7. Ray Jones
    Ray Jones May 30, 2010 at 1:40 AM | | Reply

    Here is a small piece of Trivia about Tom. When he was playing a gig and someone offered to buy him a drink, he would always order a ‘Barriball Special’ which consisted of Whiskey, Port, and Lime. That was his tipple of choice. I wish you could be here for me to shout you one now mate.

  8. Tarry Barriball
    Tarry Barriball May 29, 2010 at 6:23 PM | | Reply

    Hal, Please accept my apologies for not saying thank you for providing me the opportunity to hear my father play his banjo again after all these years. I think it is fantastic what you have achieved through this medium and want more. Anything you are able to tell me about my father would be appreciated and especially his prowess as a banjoist. I am named after his idol “Tarrant Bailey Jnr” but I am unable to find out who actually taught him to play. Any help you can give on this front would be much appreciated. I know he taught Rob Murch to play. Rob MacKillop sent me the link to your site and I shall certainly look again in due course. Kind`Regards and many thanks I have forwarded the link to my two brothers who are also trying to find out more about Father’s life. Kind regards Tarry (Tarrant) Barriball (Tom’s eldest son)

  9. Tarry Barriball
    Tarry Barriball May 29, 2010 at 3:16 PM | | Reply

    Hi Ray,

    Rob MacKillop sent me this link and it is absolutely fantastic to hear my father playing again. I feel sure that he used you to bounce ideas off and I know for a fact that in his later years, just before he died, he told my sister that he regretted a lot of what had happened since he re-married. He rarely saw many of his offspring, me included maninly because of the possessive & jealous nature of his 2nd wife.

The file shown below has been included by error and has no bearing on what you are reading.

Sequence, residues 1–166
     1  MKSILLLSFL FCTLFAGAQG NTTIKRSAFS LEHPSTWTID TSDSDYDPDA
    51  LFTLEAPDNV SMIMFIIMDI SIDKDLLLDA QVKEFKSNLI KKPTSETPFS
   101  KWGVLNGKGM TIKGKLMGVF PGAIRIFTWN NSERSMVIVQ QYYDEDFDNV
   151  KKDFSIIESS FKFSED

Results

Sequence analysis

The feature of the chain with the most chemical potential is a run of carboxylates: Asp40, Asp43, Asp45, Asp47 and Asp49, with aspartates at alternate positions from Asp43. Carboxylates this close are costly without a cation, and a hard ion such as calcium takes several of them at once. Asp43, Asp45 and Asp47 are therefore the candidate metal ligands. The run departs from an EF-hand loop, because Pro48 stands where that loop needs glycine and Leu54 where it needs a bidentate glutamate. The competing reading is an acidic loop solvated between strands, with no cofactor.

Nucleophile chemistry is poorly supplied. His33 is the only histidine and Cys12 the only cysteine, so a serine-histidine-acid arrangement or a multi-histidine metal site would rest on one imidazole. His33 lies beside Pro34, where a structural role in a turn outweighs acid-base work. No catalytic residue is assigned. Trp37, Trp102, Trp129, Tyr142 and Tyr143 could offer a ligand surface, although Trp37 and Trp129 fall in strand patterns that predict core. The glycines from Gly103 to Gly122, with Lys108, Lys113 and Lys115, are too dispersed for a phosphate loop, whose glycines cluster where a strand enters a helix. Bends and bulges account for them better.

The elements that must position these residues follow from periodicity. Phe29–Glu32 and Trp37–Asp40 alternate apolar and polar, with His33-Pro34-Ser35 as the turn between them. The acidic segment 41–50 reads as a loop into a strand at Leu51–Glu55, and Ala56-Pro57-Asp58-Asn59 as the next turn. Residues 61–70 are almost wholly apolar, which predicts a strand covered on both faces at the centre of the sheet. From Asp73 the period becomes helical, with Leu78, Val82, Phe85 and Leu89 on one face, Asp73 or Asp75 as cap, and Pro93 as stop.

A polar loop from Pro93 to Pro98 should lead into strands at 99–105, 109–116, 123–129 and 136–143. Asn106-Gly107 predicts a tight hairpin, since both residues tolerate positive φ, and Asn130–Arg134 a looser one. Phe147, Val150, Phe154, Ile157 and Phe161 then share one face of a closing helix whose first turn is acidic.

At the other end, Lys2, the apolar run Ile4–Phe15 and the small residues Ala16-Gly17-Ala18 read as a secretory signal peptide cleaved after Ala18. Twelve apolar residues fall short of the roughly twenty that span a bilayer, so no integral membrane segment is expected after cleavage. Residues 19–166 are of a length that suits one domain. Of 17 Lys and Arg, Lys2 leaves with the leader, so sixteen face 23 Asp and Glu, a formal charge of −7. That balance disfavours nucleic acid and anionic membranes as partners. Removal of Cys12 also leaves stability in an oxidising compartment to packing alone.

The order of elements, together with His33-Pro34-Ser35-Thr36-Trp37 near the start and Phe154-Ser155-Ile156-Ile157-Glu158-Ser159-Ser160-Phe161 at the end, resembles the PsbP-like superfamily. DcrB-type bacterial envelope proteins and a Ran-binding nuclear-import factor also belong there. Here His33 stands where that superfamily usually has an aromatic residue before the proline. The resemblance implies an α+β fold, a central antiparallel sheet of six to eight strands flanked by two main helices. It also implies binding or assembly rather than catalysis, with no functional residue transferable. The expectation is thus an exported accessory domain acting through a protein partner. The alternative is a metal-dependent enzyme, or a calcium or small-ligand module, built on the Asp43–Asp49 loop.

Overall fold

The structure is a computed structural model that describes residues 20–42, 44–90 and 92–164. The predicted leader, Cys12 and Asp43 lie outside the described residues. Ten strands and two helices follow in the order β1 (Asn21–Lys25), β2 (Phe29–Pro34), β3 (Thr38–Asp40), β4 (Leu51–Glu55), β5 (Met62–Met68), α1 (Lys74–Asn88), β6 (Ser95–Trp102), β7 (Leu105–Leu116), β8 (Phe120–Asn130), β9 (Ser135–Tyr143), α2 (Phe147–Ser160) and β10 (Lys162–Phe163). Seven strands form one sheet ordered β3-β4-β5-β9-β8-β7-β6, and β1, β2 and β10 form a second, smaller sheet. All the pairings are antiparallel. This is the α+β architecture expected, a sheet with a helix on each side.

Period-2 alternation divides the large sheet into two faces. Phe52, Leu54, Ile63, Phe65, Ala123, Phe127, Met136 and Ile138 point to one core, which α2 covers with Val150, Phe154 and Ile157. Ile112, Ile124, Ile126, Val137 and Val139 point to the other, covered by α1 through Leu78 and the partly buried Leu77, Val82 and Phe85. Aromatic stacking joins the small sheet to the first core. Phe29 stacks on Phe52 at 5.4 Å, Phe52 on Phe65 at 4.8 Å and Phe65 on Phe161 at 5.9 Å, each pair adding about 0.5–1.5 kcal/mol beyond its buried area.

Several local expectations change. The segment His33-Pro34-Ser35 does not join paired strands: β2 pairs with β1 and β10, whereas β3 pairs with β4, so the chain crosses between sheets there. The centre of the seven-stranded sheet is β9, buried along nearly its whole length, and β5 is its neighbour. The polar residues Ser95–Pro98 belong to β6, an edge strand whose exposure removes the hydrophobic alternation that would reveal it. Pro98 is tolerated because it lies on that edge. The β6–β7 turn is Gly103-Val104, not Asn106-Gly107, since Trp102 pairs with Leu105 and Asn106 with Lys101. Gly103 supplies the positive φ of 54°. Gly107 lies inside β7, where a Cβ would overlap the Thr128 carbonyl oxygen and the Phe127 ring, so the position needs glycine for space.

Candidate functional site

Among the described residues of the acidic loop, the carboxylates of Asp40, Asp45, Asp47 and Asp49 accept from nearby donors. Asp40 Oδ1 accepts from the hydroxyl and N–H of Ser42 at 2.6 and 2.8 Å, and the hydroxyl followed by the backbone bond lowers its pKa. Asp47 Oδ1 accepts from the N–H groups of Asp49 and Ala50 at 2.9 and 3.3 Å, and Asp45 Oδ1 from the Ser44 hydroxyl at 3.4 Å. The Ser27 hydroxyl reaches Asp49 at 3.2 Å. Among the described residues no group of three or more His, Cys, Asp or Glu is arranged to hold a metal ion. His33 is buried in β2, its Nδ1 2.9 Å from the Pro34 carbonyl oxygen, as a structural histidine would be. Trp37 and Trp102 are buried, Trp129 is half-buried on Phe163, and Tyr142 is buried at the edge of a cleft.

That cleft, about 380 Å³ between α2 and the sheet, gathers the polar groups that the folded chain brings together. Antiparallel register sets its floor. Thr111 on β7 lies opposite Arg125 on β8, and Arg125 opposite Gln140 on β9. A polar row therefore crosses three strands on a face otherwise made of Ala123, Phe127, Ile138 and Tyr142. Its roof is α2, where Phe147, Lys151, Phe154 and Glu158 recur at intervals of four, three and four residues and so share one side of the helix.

I really appreciate the fact and would like to pass on our thanks for being there to listen to his problems and woes. You will always be a part of his life and I feel sure that he felt all the better for having someone like you to talk to.

    Kind Regards and all the very best for the future.

    Tarry Barriball (Eldest Son of Tom Barriball)

  10. Tom Ryan
    Tom Ryan May 29, 2010 at 3:03 PM | | Reply

    Fantastic playing! I have heard lots of stories about Tom from Mike Redman and Rob Murch, but have never heard him play until now. Wonderful stuff!!
    Tom Ryan

  11. David Wade
    David Wade May 29, 2010 at 8:24 AM | | Reply

    First class job Hal! Well done.

  12. Ray Jones
    Ray Jones May 29, 2010 at 12:11 AM | | Reply

    You did a mighty job mate. The greatest thing since sliced bread. I would like to relate a little story about Tom Barriball. Often when he finished a gig late at night he was still very hyped up, but had nobody to talk to and let off steam because of the late hour. This was perfect for me in Melbourne Australia as I was up and about. Tom had a wonderful sense of humour. When we had finished our chat he said to me once, ” I’m now going to make myself a big Fry-Up!to eat, because if I die in the night there maybe no Restaurants where I’m going ” Thank you Hal for keeping his memory alive and giving the world a chance to hear his banjo playing. Regards Ray